I didn't understand why I couldn't leave the hospital since I was obviously completely cured.  I did not fall asleep that night until after 5 am; I was too scared.  I was alone and I didn't understand what had happened to me or why.  The next day, Monday, the doctors had still not gotten around to trying to determine any sort of cause for the stroke, and I was becoming impatient, because I wanted to go home to see my little girl.  While my husband was there, I felt nauseous, threw up, and it happened again.  I remember seeing the doctors outside the glass wall of my hospital room, and my husband, in his royal blue jacket, appearing and disappearing.  I remember the long ambulance drive and I somehow knew where we were going.  I knew we were on the Triborough Bridge, stuck in rush-hour traffic.  And my husband's look of fear and panic registered, since it was obviously caused by me, but I was no longer afraid.  I was unaffected by the traffic, the siren, the long, long wait for medical treatment, and the stress that plagued my husband.  When we finally made our destination, I was put into an MRI machine, still in my peaceful state. 

Feb. 28, 2009, I finally got to see my daughter after
six days in the hospital.  This picture still brings tears
to my eyes.
 This second time, there was no "coming to" moment.  I was in a haze for I don't know how long, and the only clear memory I have is the very strong neck and skull pain that I forced me to somehow ask the nurses for more medicine.  Perhaps the nurses just sensed that I would need more and asked me yes/no questions.  I remember the nurses coming in to "bathe" me, and inserting catheters for me to relieve myself, although I only sensed these activities.  The first time that I remember interacting was when a team of doctors would come in, it seemed like 5 times a day, and ask me the same questions over and over again.  "Who are you?  Where are you?  Who is the president?"  Barack Obama had just been inaugurated one month before, but luckily, I recalled this because Laura pronounced his name "Baba Babama".  That is not something that one forgets easily.  I remember many doctors coming in to insert a needle into my arm, and none of them being able to do it correctly.  I have no idea how many days this daze lasted.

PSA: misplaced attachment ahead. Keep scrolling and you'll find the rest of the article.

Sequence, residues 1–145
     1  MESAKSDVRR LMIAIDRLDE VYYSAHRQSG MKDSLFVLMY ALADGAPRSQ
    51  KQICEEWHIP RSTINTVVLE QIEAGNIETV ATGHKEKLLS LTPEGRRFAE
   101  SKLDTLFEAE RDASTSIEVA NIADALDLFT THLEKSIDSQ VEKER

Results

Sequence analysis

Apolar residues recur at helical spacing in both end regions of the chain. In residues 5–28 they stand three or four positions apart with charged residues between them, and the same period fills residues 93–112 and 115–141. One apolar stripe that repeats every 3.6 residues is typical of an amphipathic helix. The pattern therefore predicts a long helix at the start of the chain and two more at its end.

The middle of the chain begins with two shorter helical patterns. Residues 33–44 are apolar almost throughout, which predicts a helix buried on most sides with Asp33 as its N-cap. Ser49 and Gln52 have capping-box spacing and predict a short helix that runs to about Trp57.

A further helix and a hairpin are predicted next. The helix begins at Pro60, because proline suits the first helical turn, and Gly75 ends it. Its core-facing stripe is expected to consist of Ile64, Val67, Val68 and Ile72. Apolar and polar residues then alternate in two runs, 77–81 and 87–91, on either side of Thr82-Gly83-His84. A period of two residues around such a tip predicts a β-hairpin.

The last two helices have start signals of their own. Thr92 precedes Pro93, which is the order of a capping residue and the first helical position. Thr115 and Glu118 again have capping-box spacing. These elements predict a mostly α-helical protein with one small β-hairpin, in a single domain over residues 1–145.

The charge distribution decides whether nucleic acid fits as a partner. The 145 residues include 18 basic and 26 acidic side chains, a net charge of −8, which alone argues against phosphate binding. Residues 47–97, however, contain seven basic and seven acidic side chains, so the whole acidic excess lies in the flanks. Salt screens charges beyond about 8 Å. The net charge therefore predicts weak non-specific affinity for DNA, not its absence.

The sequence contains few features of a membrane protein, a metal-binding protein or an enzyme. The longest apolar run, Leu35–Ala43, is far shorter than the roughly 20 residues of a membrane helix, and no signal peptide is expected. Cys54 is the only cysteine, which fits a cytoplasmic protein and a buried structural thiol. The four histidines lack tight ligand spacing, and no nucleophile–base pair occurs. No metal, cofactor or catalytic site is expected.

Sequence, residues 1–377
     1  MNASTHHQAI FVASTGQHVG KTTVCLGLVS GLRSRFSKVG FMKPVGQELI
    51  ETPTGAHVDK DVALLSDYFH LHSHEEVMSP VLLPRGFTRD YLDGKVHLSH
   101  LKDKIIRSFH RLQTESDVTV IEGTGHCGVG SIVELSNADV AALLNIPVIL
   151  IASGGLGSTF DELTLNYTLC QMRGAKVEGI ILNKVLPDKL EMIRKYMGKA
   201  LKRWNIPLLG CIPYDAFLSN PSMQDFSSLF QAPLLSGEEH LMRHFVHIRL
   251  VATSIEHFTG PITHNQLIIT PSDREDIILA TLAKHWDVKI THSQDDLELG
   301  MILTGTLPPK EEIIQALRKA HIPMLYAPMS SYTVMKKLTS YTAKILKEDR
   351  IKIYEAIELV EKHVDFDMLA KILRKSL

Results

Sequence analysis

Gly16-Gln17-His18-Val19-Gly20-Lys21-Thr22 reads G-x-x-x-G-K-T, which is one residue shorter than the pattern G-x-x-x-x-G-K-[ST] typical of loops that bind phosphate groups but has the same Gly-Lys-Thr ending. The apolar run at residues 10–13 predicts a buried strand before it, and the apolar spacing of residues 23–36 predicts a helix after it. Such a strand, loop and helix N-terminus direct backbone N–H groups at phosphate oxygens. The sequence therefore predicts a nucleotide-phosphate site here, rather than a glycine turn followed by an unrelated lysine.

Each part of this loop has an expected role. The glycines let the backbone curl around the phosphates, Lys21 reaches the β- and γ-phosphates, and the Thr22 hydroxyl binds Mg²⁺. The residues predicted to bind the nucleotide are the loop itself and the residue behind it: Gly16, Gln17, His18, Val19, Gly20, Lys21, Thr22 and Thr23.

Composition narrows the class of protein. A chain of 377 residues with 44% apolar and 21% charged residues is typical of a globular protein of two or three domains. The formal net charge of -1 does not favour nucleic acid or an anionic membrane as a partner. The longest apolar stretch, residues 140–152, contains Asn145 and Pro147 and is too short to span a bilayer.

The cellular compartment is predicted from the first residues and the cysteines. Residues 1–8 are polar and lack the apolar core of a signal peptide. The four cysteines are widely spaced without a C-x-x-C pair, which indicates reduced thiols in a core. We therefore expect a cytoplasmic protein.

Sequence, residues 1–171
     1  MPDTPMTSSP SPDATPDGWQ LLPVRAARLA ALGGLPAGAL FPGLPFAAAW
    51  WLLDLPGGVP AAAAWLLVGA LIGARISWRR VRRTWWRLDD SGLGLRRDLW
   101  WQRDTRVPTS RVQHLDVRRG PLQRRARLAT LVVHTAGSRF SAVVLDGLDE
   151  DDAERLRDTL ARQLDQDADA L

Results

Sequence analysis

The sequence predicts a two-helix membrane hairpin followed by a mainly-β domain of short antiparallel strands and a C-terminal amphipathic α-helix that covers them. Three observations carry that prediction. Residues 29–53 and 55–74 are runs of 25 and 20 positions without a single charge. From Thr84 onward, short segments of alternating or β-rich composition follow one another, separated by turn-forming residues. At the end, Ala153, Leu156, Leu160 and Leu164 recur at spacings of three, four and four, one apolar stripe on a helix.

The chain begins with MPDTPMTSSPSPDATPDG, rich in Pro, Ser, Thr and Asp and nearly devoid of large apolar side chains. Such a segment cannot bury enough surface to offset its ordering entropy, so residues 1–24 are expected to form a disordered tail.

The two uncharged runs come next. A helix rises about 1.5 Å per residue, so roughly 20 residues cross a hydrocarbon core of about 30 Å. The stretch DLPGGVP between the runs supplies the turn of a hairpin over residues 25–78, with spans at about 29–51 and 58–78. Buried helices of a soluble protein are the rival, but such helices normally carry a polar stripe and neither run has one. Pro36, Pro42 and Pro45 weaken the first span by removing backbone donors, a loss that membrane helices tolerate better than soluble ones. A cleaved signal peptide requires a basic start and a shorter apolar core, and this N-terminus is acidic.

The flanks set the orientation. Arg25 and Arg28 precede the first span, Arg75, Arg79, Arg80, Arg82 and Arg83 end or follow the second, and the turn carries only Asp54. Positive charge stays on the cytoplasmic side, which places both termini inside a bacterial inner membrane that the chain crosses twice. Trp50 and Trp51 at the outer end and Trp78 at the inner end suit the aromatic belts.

This picture shows how I felt that day that I was reunited
with her.

This second stroke was not like the first.  I was no longer my old self.  I could no longer do the things I'd once done.  I would say that the stroke cut my life into two pieces: there would be no mid-life crisis for me.  I went from young and healthy, to old and incapacitated overnight.  I couldn't recall words easily, I couldn't feed myself with my right hand, couldn't walk, couldn't write, couldn't type.  I wasn't even the same person I was before, since the brain was altered.  I would constantly ask my husband for reassurances that I hadn't changed, which he would never answer directly.  Thank God, I have recovered almost all my physical functions very quickly.  It was a long journey back from the second stroke, and three years later, I'm still not in the place where I started from.